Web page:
Preprints
https://doi.org/10.5194/acp-2021-179
https://doi.org/10.5194/acp-2021-179

  06 Apr 2021

06 Apr 2021

Review status: this preprint is currently under review for the journal ACP.

Measurement report: Mass and Density of Individual Frozen Hydrometeors

Karlie Rees1, Dhiraj Singh2, Eric Pardyjak2, and Timothy Garrett1 Karlie Rees et al.
  • 1Department of Atmospheric Sciences, Salt Lake City, UT, USA
  • 2Department of Mechanical Engineering, Salt Lake City, UT, USA

Abstract. A new precipitation sensor, the Differential Emissivity Imaging Disdrometer (DEID), is used to provide the first continuous measurements of the mass, diameter, and density of individual hydrometeors. The DEID consists of an infrared camera pointed at a heated aluminum plate. It exploits the contrasting thermal emissivity of water and metal to determine individual particle mass by assuming that energy is conserved during the transfer of heat from the plate to the particle during evaporation. Particle density is determined from a combination of particle mass and morphology. A Multi-Angle Snowflake Camera (MASC) was deployed alongside the DEID to provide refined imagery of particle size and shape. Broad consistency is found between derived mass-diameter and density-diameter relationships and those obtained in prior studies. However, DEID measurements show a generally weaker dependence with size for hydrometeor density and a stronger dependence for aggregate snowflake mass.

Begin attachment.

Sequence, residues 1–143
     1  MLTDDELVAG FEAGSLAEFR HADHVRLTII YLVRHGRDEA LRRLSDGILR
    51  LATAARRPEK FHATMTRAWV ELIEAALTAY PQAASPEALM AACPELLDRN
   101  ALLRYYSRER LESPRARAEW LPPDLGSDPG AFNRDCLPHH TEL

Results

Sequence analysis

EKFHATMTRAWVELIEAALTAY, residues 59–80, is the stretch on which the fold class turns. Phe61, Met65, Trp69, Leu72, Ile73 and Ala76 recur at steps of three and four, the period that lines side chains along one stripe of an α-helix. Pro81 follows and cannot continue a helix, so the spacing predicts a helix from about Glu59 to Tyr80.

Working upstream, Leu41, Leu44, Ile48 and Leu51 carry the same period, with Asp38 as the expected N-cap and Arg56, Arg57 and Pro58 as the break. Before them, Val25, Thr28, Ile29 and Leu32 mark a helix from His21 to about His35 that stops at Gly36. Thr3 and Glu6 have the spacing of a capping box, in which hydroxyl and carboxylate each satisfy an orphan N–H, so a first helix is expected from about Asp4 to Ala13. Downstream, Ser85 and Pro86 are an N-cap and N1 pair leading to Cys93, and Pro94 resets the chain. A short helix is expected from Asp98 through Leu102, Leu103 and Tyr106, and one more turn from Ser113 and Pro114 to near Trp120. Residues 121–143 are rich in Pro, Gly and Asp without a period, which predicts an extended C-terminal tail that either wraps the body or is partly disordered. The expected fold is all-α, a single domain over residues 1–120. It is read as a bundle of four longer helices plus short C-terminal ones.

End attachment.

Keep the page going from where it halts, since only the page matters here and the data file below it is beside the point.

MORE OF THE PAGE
Karlie Rees et al.

Status: open (until 01 Jun 2021)

Comment types: AC – author | RC – referee | CC – community | EC – editor | CEC – chief editor | : Report abuse

Karlie Rees et al.

Karlie Rees et al.

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Short summary
An old problem for accurately predicting weather and climate is knowing the mass and density of snowflakes as a function of their size. Few measurements have been obtained because snowflakes are so small and fragile. The most widely used sample is of just 376 snowflakes obtained in the early 1970s in Washington State. We developed a new instrument for automatic measurement of snowflake mass and density. Our analysis shows that snowflakes have a lower density than is often assumed.
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